Now that the dust has settled from a long and contentious presidential campaign, HR professionals and employers have shifted their focus to how the results may affect their organizations. Typically, a Republican presidential administration results in more employer-friendly policies from federal agencies; however, in this instance, it remains unclear exactly how the Trump administration will handle labor and employment issues and what their priorities will be. We offer the following predictions and will continue to monitor these issues as they develop.
Wage and Hour Law
The Department of Labor’s expansion of overtime under the Fair Labor Standards Act is scheduled to go into effect on December 1, 2016, well before President-Elect Trump takes office. The DOL’s new regulations raise the salary threshold to qualify for the exemption from overtime pay to $47,476 per year.
It is estimated that the new regulations will result in about four million more employees qualifying for overtime pay. There are legal challenges which could delay their effect, including an expected ruling from a federal court in Texas on November 22, 2016 that could enjoin the changes. Also, President-elect Trump or the Congress could attempt to reverse the changes once he takes office; however, this would present difficult legal and political challenges. For the time being, employers should plan to deal with the changes to the exemptions and watch for the court ruling on November 22.
Separately, President-elect Trump provided a mixed message on whether he would support raising the national minimum wage. In some interviews, he stated he would support raising the minimum wage to $10 per hour, while in some speeches, he said that the minimum wage is a state issue.
The National Labor Relations Board
Typically, the election of a Republican presidential candidate spells management-friendly policies from the National Labor Relations Board. But because of the coalition that elected the new president, it is difficult to gauge how the new administration will handle traditional labor matters. In fact, the new administration may feel politically obligated to promote pro-labor policies because polling shows that union members were partially responsible for his victories in traditional rust belt states.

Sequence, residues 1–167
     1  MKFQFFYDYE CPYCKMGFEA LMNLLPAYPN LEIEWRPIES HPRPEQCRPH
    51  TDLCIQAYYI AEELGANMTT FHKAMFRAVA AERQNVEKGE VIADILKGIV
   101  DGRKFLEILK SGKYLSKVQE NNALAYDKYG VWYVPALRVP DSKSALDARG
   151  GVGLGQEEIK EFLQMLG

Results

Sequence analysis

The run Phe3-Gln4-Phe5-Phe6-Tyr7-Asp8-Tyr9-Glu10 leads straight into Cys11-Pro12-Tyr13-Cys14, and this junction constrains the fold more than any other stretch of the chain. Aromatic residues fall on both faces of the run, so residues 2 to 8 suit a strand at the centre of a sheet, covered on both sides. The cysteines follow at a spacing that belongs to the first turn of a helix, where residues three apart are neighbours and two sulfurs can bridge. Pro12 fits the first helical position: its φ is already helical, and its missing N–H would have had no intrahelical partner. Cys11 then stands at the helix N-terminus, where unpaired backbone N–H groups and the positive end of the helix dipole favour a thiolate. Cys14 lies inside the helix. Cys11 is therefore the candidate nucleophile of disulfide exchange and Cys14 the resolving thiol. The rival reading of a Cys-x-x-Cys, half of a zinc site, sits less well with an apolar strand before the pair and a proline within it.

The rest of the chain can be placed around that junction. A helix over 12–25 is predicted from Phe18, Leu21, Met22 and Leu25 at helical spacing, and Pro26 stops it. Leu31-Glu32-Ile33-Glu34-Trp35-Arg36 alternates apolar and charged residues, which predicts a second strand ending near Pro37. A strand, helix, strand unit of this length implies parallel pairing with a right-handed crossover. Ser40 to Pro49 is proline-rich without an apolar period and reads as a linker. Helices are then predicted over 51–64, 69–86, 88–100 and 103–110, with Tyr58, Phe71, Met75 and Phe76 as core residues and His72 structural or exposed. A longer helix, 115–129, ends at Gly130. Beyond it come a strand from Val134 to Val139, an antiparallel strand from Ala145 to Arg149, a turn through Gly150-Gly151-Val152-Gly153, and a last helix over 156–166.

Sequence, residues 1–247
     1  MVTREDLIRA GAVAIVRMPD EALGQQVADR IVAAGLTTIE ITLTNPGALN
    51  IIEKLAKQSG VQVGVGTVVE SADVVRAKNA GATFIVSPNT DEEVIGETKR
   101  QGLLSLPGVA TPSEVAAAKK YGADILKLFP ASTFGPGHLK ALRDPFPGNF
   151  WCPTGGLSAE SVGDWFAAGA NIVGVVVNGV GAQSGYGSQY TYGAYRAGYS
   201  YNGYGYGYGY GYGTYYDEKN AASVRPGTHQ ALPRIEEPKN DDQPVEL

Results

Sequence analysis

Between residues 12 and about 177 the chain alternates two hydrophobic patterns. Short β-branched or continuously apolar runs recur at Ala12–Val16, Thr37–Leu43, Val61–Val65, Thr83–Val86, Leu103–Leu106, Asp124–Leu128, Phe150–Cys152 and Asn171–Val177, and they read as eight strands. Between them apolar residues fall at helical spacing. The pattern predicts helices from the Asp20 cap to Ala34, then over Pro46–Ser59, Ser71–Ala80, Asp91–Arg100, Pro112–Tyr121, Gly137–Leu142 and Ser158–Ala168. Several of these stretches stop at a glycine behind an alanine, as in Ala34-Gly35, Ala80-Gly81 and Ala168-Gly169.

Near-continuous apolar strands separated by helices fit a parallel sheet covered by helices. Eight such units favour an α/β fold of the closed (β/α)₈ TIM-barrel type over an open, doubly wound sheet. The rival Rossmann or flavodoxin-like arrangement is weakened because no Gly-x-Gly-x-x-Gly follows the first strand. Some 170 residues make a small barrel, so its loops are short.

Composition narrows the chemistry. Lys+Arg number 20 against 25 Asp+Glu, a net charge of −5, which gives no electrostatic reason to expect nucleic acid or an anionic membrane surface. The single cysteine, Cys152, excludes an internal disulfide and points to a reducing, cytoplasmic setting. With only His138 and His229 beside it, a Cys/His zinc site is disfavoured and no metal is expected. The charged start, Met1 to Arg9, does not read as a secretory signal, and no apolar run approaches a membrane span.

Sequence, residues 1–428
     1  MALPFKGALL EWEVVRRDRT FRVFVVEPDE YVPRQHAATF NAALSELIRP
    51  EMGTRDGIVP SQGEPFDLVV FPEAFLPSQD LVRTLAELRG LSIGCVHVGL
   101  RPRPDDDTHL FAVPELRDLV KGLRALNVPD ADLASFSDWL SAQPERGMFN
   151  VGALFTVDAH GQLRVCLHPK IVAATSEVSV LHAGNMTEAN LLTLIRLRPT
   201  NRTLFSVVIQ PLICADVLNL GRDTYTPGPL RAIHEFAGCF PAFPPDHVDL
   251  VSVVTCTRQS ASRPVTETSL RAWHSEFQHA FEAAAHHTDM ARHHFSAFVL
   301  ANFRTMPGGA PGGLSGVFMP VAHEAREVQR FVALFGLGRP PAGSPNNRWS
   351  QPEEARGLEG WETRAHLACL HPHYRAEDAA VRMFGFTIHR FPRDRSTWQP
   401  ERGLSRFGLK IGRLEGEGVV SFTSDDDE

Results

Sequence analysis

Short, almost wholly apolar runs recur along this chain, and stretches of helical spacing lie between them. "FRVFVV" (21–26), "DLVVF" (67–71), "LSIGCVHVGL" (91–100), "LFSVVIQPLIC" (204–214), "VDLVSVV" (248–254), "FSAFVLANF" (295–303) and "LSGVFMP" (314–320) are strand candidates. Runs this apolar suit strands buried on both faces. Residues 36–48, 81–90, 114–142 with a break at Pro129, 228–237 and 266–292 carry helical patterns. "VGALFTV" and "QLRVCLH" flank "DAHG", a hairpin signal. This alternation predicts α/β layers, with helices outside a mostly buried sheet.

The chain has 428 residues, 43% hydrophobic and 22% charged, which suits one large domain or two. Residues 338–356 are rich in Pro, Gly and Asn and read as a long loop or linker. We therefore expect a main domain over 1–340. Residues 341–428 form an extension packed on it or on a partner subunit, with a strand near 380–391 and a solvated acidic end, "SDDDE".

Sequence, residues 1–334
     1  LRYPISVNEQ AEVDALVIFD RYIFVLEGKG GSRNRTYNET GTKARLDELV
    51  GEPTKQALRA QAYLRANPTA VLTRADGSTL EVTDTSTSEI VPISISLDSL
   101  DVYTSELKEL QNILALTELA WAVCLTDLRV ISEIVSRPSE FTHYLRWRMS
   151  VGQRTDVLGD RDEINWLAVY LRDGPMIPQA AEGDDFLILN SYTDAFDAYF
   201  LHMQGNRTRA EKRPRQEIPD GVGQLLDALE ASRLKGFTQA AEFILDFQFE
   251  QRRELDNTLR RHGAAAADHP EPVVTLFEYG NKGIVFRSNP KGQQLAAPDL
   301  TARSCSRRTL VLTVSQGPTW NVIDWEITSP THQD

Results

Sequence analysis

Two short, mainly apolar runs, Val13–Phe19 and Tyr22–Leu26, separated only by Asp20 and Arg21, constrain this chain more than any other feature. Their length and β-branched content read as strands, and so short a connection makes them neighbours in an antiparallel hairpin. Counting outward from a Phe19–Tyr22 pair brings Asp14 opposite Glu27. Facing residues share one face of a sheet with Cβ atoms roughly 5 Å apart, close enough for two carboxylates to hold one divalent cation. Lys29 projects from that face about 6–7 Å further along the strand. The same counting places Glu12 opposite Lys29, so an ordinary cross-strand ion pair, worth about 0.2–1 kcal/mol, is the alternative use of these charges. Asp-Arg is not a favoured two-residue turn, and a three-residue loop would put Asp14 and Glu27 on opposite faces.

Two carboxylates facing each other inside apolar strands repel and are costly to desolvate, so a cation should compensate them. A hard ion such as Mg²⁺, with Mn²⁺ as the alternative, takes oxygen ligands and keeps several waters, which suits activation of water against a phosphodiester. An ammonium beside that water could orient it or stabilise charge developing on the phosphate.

Practically, there are currently two vacant positions on the National Labor Relations Board, which the new president will be able to appoint after his inauguration. The urgency with which the new administration deals with these vacancies may provide a clue as to how labor law will be affected over the next four years. In any event, the National Labor Relations Board under President Trump will have opportunities to review some of the Board’s more controversial decisions, including the revised representation election rules, as well as case law concerning joint employer status, class action waivers in arbitration agreements and appropriate bargaining units.
While the candidates differed on many issues, one place where they agreed was on a proposal to provide paid leave to employees. Specifically, President-elect Trump stated, "I think Hillary and I agree on that. We probably disagree a bit as to numbers and amounts and what we’re going to do, but perhaps we'll be talking about that later." Initial reports from the transition team reveal that the new administration will work on a proposal that will provide a form of paid leave to employees.
In summary, employers should expect changes in the enforcement and legal interpretations of labor and employment laws by federal agencies under the Trump administration, but much remains unclear regarding what President-elect Trump plans to do in the employment arena and how soon his administration will act on those issues.